The Transit of Venus.

It visits twice, eight years apart, with a century-plus in between pairings. Charging across the sun, I imagined the Greeks seeing the goddess flying across the sky, making a brief visit to check in and then departing on her journey across the universe. The hop-skip-jump of imagery made it all seem so logical: Venus was a tour bus dropping off its last group of passengers back in 2004, refueling, then picking up the next tour group this year. The announcements went out in May and those with tickets climbed aboard.

the transit of venus

dashing across the sun
first to off-board

returning eight years later
to pick up new travelers

a final boarding call
was sent out in may

collecting visionaries
for a galactic tour

writers and artists
musicians, teachers, dreamers

traveling time’s distorted rails
will return home refreshed

their brief two weeks
a mere century on earth

their visions rekindled
to guide us further

beyond the sun
beyond our imaginations

At the same time I realized all this Laura Purdie Salas offered up a nebula-sized bit of inspiration for her weekly 15-words-or-less challenge. I went with an acrostic I thought appropriate.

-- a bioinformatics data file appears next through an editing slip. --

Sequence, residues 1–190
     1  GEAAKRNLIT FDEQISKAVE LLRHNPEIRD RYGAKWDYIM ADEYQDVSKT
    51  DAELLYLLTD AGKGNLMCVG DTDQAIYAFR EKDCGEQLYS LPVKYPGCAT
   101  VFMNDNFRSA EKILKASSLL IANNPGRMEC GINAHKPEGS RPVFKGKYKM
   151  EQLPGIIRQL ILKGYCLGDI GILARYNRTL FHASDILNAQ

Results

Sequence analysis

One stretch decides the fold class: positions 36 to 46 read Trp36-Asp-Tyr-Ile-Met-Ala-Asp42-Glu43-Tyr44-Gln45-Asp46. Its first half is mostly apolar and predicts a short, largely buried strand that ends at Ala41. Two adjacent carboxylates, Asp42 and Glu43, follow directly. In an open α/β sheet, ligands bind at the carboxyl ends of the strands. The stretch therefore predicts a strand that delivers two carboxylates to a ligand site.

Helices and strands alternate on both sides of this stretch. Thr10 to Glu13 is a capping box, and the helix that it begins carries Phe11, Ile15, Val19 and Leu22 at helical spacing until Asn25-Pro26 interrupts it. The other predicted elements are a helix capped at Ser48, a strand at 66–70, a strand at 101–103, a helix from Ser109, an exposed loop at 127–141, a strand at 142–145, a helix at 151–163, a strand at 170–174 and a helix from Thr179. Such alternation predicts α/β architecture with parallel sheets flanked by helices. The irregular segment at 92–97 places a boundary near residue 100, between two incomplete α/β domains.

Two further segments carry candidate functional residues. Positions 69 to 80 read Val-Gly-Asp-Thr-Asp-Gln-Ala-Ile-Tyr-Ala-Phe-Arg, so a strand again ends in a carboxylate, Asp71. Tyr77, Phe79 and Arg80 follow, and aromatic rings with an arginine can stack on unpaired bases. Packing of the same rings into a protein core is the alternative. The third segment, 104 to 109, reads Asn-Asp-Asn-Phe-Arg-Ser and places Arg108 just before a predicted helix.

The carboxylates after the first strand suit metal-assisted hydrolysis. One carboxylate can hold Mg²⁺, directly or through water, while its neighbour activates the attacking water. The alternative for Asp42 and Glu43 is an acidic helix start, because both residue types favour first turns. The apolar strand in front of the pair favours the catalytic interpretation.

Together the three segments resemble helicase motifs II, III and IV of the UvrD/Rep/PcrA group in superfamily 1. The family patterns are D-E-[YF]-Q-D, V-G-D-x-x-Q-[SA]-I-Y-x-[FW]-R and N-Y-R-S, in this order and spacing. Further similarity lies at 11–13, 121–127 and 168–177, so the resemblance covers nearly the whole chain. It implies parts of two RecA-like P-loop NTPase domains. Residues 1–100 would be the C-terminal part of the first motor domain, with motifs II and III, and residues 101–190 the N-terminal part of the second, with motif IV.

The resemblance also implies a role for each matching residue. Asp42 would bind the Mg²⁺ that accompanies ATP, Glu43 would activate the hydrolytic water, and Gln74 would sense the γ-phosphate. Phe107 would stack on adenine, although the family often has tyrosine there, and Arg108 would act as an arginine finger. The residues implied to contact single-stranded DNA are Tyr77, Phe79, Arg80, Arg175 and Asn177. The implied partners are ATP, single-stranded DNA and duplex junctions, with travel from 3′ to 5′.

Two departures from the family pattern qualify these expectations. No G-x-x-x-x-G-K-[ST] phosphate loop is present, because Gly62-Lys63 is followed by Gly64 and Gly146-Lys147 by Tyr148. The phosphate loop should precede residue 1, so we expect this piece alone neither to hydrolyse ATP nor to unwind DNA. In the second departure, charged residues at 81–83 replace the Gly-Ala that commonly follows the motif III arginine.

raygone
(22 august 1920 – 5 june 2012)

beyond

rockets
and spaceships

daring visionaries
birth entire
universes that become our
radiant

yesterdays

Godspeed, galactic travelers.

Bonus time! Found this awesome NASA video of Venus zipping past the sun. Stunning.

In a smaller universe called the Internet, it’s Poetry Friday. Head on over to Jama’s Alphabet Soup for more.

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It’s as simple as that sometimes, a single word.  I’m reading Ray Bradbury’s Zen and the Art of Writing and he talks about his writing journey and how he’d been sitting his butt down and writing every day for a decade before he sold his first story at 22.  It’s called showing up.  Not by him but by others, and it’s instructive to realize not only the truth of this idea of sitting down and dedicating time to what you do, but that over time it really is the only way to get anything done.